7. Practice, practice, practice before serving.

Serving tip:

Season the serving with the underappreciated ingredient ‘space’. Often, people have a fixed idea about the number of slides to use when serving. That number is irrelevant! Too much information served on a single plate is unappetising and damaging to your guests’ appetite (as well as their concentration and recollection).

Recipe for the light version

Ready in: 2 weeks

Ingredients:

  • 1 analysis/project charter/strategy document
  • 1 cup of ’what’
  • 3 tablespoons of ‘why’
  • A fair amount of WIIFM
  • 1-2 management senders of communication
  • 1 communication specialist

Directions:

  1. Start by preparing a draft of the backbone of the story. Select 2-4 key messages from the strategy and propose a structure. Add relevant passages from the strategy to each key message and complement with proposed headlines.
  2. Season the draft with input from all relevant stakeholders.
  3. Co-create the story with management. Gather relevant management in a room and ensure that they focus on text editing (workshop 1). If you do not finish all sections in the draft in the time available, be sure to agree on a finalisation process.
  4. Add 1 communication specialist to edit the text. Review and approval should be done by management to ensure buy-in.
  5. As the compelling story is mainly the base ingredient for further communication it is now ready to be transformed into the desired format you need for the immediate event (other formats can be prepared later).
  6. Practice as much as possible before serving.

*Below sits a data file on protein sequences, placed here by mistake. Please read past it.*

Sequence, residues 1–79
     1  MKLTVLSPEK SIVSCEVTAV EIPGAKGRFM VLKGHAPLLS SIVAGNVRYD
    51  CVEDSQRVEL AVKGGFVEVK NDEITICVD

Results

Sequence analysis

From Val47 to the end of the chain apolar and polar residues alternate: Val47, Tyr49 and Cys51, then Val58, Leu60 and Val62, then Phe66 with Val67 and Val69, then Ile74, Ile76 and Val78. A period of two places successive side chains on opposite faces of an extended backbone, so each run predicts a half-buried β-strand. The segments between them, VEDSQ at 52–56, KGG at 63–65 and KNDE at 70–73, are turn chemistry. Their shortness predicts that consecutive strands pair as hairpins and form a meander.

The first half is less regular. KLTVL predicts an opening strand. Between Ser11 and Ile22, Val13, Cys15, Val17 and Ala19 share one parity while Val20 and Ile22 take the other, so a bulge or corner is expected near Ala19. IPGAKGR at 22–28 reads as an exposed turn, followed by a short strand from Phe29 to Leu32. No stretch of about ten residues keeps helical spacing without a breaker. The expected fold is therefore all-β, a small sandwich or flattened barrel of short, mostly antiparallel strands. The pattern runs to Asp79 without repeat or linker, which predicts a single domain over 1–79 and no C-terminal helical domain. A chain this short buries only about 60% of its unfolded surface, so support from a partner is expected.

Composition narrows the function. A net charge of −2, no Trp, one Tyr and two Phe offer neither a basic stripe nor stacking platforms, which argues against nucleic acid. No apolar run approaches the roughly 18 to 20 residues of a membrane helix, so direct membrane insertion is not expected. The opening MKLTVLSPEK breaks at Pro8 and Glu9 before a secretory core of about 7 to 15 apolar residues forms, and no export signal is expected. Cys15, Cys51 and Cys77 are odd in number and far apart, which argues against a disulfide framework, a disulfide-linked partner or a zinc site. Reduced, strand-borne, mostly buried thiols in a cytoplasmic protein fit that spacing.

Serving tip:

Season the serving with the underappreciated ingredient ‘space’. Often, people have a fixed idea about the number of slides to use when serving. That number is irrelevant! Too much information served on a single plate is unappetising and damaging to both your guests’ appetite (as well as their concentration and recollection).

We are serving tomorrow – is there a ‘bake-off’ version we can use?

Unfortunately, not. But if you have already prepared tomorrows serving, you should spend the remaining time ensuring that the key messages are clear. If people only remember three things from the presentation, have you made those perfectly clear?

Yes

  • Spend the remaining time perfecting the wording of the headlines of these.
  • Make them stand out in the presentation and repeat them.
  • Practice!

NO

  • Prepare clear key messages (formulated from an employee or customer perspective).
  • Perfect the headlines, so they are strong and relatable.
  • Practice!

  • “Very good! Fun! Interactive and challenging”

    Anna-Karin Ahlflood, Ericsson

  • “Excellent! I have learned so much”

    Elin Dahlkvist – Systembolaget

  • “Exceptional”

    Johan Ölën – Volvo Group

  • “Very good – Everything was there!”

    Pierre Lavorini – Volvo Group

  • “The best course I have attended to!”

    Lars Herbe – Kvadrat

  • “Very inspiring and informative”

    Margit Weygaard-Hansen – Aller Media A/S

  • “Plug & Play”

    Gitte Nørgaard – Københavns Lufthavne A/S

  • “Combining learning, food and service at very high level. Best course ever!”

    Danni Rahbek – Bestseller A/S

  • “Extremely professional carried out”

    Anitha Rutström Sparrman – Ericsson

  • “Intense and very rewarding”

    Per Larsson – EON

  • “Very good course! I want to take it again”

    Marianne Steen – Enatus Consulting AB

  • “It was an excellent, excellent course!!”

    Jakob Larsen – Novo Nordisk A/S

Info

proacteur aps
Lottenborgvej 24B,
2800 Kgs. Lyngby

+45 7023 2240
info@proacteur.com

CVR/VAT: DK29198012

Find us

×

Ring op

Skriv til os

Prosci kursus

Menu